Translucently web-weaving story. The rainbow within drops of fairy dew on the grass and the dark side of the moon. I love this mode of fantasy for its...moreTranslucently web-weaving story. The rainbow within drops of fairy dew on the grass and the dark side of the moon. I love this mode of fantasy for its psychological realism. It's clear-cut fantasy but so artfully interwoven into the real world done in a plausible way drawn from the murky folktales and myths of Transylvania. After all I do believe there are other planes and dimensions around me and the idea of portals isn't a new one or entirely fantasy fiction. It's a kind of lay line thing ya` know? This sort of realistic fantasy appeals to me so more then epic fantasy with clear good and evil like Tolkien and Rowling. It's truly is some ways grounded in the enigmatic and supernatural forces of the earth.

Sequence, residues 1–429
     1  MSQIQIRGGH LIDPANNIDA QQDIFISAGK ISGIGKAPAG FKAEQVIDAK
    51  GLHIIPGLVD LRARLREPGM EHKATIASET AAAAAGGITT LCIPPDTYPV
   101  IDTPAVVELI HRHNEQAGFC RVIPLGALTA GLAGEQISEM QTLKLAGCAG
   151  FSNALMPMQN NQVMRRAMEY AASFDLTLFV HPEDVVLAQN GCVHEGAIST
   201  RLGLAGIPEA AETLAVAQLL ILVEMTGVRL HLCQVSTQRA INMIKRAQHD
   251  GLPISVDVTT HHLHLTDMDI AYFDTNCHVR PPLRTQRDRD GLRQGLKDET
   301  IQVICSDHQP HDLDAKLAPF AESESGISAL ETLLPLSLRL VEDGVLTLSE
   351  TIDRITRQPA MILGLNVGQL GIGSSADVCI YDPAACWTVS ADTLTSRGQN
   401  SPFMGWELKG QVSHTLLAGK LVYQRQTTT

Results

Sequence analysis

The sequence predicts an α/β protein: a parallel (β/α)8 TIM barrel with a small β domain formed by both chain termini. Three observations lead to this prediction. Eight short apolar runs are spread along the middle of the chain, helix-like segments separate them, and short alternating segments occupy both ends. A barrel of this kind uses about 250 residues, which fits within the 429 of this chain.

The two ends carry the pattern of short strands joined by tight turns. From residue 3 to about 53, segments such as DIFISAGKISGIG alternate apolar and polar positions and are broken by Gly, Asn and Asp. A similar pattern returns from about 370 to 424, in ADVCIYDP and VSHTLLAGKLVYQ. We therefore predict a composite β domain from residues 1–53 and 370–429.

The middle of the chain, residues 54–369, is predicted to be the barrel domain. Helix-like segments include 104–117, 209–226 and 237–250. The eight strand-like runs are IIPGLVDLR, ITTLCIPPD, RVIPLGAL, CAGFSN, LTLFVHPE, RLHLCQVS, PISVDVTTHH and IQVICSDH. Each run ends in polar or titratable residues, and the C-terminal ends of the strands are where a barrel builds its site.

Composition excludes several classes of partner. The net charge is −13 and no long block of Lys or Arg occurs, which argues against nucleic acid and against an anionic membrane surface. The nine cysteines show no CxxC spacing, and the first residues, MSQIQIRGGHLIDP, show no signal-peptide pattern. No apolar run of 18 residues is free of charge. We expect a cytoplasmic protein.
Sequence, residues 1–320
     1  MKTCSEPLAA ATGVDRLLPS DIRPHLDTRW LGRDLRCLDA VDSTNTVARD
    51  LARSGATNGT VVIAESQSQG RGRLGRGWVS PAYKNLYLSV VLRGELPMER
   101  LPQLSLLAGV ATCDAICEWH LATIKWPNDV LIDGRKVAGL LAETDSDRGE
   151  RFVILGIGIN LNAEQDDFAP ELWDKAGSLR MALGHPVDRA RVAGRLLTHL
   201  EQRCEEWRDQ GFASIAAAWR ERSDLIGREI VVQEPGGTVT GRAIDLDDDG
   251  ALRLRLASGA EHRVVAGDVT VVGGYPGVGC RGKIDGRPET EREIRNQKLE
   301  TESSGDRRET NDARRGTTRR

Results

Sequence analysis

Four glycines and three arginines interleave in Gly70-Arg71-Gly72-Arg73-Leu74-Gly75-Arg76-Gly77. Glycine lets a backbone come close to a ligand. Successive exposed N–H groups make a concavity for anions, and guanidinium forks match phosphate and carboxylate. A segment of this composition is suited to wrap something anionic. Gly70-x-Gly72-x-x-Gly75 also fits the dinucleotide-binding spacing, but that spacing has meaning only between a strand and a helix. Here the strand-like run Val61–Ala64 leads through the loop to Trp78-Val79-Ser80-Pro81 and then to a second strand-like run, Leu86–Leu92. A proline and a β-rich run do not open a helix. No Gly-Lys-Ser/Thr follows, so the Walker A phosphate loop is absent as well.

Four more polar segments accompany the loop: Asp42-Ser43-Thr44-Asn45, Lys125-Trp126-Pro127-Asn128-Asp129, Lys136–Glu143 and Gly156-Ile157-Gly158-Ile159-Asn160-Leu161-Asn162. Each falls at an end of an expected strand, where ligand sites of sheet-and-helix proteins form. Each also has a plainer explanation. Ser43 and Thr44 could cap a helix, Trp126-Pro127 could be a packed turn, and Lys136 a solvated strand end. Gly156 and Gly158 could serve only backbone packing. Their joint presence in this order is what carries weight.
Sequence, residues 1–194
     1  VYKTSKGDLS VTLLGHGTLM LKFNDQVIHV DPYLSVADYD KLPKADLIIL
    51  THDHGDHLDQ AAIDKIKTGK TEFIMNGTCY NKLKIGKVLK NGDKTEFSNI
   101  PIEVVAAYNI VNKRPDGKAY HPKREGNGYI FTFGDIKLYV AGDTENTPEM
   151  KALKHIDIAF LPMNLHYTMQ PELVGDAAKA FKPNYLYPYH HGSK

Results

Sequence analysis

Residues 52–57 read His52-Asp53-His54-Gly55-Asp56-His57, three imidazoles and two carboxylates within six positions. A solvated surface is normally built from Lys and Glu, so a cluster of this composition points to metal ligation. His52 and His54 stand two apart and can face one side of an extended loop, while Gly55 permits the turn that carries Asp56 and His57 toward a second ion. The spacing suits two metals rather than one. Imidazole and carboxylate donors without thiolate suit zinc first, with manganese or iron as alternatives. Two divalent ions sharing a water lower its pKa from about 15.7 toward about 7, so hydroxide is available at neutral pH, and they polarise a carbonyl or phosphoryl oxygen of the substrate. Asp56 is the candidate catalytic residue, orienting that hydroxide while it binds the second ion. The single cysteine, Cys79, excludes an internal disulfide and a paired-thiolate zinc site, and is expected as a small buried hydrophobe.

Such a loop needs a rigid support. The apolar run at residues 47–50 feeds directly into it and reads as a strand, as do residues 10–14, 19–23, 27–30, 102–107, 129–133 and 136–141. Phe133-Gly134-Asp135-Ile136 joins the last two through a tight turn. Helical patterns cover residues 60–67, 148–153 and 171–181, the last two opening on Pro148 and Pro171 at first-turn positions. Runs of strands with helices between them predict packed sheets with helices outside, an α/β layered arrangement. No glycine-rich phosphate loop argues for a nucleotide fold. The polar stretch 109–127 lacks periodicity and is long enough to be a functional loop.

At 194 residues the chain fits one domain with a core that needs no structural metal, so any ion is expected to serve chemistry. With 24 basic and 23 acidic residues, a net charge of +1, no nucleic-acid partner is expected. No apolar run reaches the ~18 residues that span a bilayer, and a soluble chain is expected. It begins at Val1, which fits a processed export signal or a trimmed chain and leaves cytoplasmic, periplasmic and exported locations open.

The writing was good and it has one of the most beautiful cover I've seen in ages. It's close to five stars it's that good.
The Stravaganza books have always been guilty pleasures with me. You know there's not much technically good about them but you love and devour them an...moreThe Stravaganza books have always been guilty pleasures with me. You know there's not much technically good about them but you love and devour them anyways. This book however was let down from the rest... hard to say why, not as much plot intrigue and romance. Less balls, dresses and politics. And every book more time is spent in the real world as there's more stravaganza there, which I massively dislike. All the stuff going on there is boring and mundane. And I hate Georgina. I don't know if I’m going to bother to pick up the next book. (less)